You can purchase a nectar-type product at a store or make your own at home. I make mine by using 4 parts water to 1 part granulated sugar. Boil water, add sugar, and stir until dissolved. If some part of your feeder is red, you don’t need to add coloring to the sugar water, but I choose to add a little red food coloring. You will only need to partially fill your feeder in spring before the arrival of the hummingbirds; the unused nectar can be refrigerated for up to 2 weeks. Make sure you have nectar in your feeder at all times because hummingbirds have voracious appetites and will satisfy them elsewhere if your feeder is empty. In the heat of summer the sugar-water mixture can spoil easily, and if that happens, the hummingbirds will not eat the nectar. It is recommended to clean the feeder every 5 to 7 days and more often in mid-summer when the temperature rises and the feeder is more susceptible to mold. Cleaning the feeder is easy. Wash the feeder in hot water; add some vinegar (vinegar helps retard mold) paying special attention to the feeder openings, which are rather small and difficult to clean. A bottlebrush or pipe cleaners work well to clean these tiny areas. Rinse thoroughly and refill.

Watch out for ants and bees that love the sugar solution. Ants will go to great lengths to eat it. I have been able to keep my feeder free from ants by hanging it from the overhang of my kitchen window. I have been less successful at keeping the ants off my feeder when hanging it from a tree or shepherd’s hook. An easy way to resolve this problem is by greasing the cord/chain above the feeder hanging from a tree branch with a petroleum product. If the feeder is hanging from a shepherd’s hook, coat it with vegetable oil or a petroleum product. Reapply if it rains. You may also have bees buzzing around the openings of the feeder trying to eat the nectar. By setting out a small dish of sugar water away from your feeder, you may discourage bees from trying to consume the nectar. But it is important not to harm these beneficial insects.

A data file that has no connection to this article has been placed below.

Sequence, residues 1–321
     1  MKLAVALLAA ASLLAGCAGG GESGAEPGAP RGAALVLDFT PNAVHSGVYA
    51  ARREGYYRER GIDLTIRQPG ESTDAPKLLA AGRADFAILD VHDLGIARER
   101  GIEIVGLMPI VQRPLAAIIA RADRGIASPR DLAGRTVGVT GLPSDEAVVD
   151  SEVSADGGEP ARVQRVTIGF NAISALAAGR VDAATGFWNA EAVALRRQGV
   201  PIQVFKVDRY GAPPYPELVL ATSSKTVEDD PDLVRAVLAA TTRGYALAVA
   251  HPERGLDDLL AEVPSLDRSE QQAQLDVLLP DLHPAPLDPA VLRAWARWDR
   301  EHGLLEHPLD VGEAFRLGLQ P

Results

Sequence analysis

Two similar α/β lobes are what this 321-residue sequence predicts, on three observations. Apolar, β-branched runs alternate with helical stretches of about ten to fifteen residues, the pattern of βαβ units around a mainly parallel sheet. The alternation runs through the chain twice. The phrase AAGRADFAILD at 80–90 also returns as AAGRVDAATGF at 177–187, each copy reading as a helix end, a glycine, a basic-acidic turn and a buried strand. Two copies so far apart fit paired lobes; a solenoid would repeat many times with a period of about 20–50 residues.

Hummingbirds are attracted to flowers by their color not their scent because they lack a well-developed sense of smell. They will eat nectar from most flowers but prefer red, orange or pink flowers such as petunias or butterfly weed. It is also important to have long-blooming plants such as Bergamot and bee balm to provide a continual food source and help keep the hummingbirds returning to your feeder. Because these birds have a long, thin beak and long tongue, it is easy for them to feed from tubular shaped flowers such as trumpet vine. If you have limited ground space outside, consider adding a hanging basket or window box filled with flowers and plants that will draw them to your garden. Not only are hummingbirds beautiful additions to your garden, they are responsible for pollinating many native plants in the northeastern United States.

In September or early October, Ruby-Throated Hummingbirds begin their migration to Mexico. We have no control over this migration period because it is determined by a photoperiod, a period of shorter days and longer nights. In preparation for their long flight south, hummingbirds will need to increase their body fat by 50%. Most flowers have finished blooming by this time, so they will rely on the nectar from your feeders to sustain them until they leave. By providing the proper habitat and nectar, you can enjoy these colorful birds in your own back yard for many years.